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The Jewish Study Bible Contextualizes the Hebrew Bible with accompanying scholarly text on Jewish traditions and history.

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Commentary on Exodus

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Text Commentary side-by-side

14.1–31 :

The crossing of the Sea of Reeds. The compositeness of this narrative is indicated by inconsistencies and redundancies. For example, God's stiffening Pharaoh's heart to chase the Israelites (vv. 8–9 ) is redundant after Pharaoh has already decided to give chase (vv. 5–7 ). V. 19a says that the angel leading the Israelites moves to their rear, while 19b says that it was the cloud. V. 21b (through “dry ground”) presents a relatively naturalistic picture of God causing a strong wind to blow back the waters of the sea, while the remainder of the v. and v. 22 present a more miraculous picture of the sea splitting, with the waters forming walls on either side of the Israelites. Source critics assign the components of the narrative to J, E, and P. By skillfully combining the sources, the redactor has harmonized the differences so as to show, for example, that Pharaoh's independent decision to pursue the Israelites is, in a mysterious way, carrying out God's plan (cf. v. 4 ), that the cloud is indeed the angel, and that God used the natural means of the wind to carry out His miraculous splitting of the sea.

2 :

Pi‐hahiroth cannot be clearly identified with any known Egyptian toponym. Migdol (“watchtower”) figures in several toponyms in and near the eastern delta. An Egyptian letter (see 12.37 n. ) mentions one apparently in or near the Sinai desert not far from Wadi Tumilat. Baal‐zephon must refer to a site at which the Canaanite deity of that name was worshipped in Egypt. Several in the eastern delta region are known.

4 :

Gain glory, more lit. “weightiness,” honor, authority, by punishing those who disobey Him. The Egyptians shall know that I am the Lord, see 6.2 n.

5 :

Only now do the Egyptians realize that the Israelites have left for good (see 12.31 ).

11–12 :

The Israelites' continual complaining in the wilderness, a dominant theme of the Torah, is introduced here. (See 15.24; 16.2–3; 17.2–3; Num. 11.4–6; 14.2–3; 16.13–14; 20.2–5, 13; 21.4–5; Deut. 1.27–28.)

12 :

We told you in Egypt: No such comment is recorded earlier, but the Samaritan Pentateuch adds it after 6.9. (See 11.4–8 n. )

15–31 :

Some believe that the action of the sea corresponds to the rising and falling tides or shallow waters being blown back by wind in the southern part of the isthmus, or a combination of both. A document from Mari, in Syria, reports that an army escaped across a river one night at low tide and the pursuing army was prevented from overtaking them when the tide later rose again. In the present case the heavy Egyptian chariots became mired in the mud and were engulfed by the returning waters. The text, however, claims that miraculously the waters were split and stood up like walls (vv. 16, 22, 29 ).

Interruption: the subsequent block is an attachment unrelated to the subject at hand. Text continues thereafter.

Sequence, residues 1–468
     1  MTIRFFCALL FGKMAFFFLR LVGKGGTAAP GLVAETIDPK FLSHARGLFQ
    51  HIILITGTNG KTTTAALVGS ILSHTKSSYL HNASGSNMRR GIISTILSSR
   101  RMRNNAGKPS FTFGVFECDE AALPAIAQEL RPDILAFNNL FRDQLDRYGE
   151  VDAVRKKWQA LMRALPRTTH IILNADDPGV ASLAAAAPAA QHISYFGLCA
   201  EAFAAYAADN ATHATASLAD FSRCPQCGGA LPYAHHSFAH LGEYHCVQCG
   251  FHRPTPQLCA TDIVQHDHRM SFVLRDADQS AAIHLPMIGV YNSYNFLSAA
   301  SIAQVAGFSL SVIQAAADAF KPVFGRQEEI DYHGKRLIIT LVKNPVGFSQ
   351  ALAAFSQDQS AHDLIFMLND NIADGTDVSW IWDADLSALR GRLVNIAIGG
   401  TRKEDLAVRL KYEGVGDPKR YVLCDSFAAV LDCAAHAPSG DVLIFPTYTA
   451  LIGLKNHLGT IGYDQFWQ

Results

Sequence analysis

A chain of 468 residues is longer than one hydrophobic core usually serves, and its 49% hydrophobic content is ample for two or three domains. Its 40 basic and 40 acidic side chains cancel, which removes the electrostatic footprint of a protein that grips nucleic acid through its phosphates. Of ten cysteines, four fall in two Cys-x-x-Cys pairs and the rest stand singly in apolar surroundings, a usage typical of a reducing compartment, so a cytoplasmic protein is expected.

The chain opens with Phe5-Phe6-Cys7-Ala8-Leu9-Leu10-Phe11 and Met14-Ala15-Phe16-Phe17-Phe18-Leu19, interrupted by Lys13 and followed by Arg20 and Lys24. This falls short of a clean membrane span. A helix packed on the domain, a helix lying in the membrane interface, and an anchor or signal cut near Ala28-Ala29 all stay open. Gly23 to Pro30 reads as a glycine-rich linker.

19 :

The first clause of the v. (from the E source) says that the angel of God was at the head of the Israelites; the next clause (from J) indicates that the pillar of cloud led them, while 13.21 (also J) says that it was the LORD in the cloud. These three statements picture the divine manifestation in different ways (cf. 3.2 n. ).

20 :

Cast a spell, turned it totally dark so that the Egyptians could not approach the Israelites (cf. 10.22–23a; Josh. 24.7 ). The one could not come near the other all through the night: According to a midrashic interpretation, this refers to the angels, who sought to sing a hymn to God as the Egyptians were drowning; God rebuked them, saying: “While my creatures are drowning in the sea you would sing a hymn?!” showing that He does not rejoice in the death of the wicked (b. Sanh. 39b, prompted either by the similar phraseology in Isa. 6.3 or by an interpretation of “k‐r‐v” [“come near”] as a term for prayer).

25 :

Locked: They became stuck in the mud.

31 :

Feared: No longer frightened of the Egyptians (v. 10 ), they were awe‐struck at God's power. Had faith, i.e., trusted, now that their fears were proven groundless. “Faith” in the Bible regularly means trust, rather than belief in the existence of God or assent to a doctrine. His servant Moses: The people now realize that Moses is truly God's servant. Cf. Num. 12.7–8; Deut. 34.10.

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